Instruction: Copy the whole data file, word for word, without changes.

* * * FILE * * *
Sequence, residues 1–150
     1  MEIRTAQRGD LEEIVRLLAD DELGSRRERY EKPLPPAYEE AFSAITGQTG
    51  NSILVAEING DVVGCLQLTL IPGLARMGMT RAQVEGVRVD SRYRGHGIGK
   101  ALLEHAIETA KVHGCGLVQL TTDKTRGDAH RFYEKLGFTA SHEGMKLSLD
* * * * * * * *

Sequence, residues 1–150
     1  MEIRTAQRGD LEEIVRLLAD DELGSRRERY EKPLPPAYEE AFSAITGQTG
    51  NSILVAEING DVVGCLQLTL IPGLARMGMT RAQVEGVRVD SRYRGHGIGK
   101  ALLEHAIETA KVHGCGLVQL TTDKTRGDAH RFYEKLGFTA SHEGMKLSLD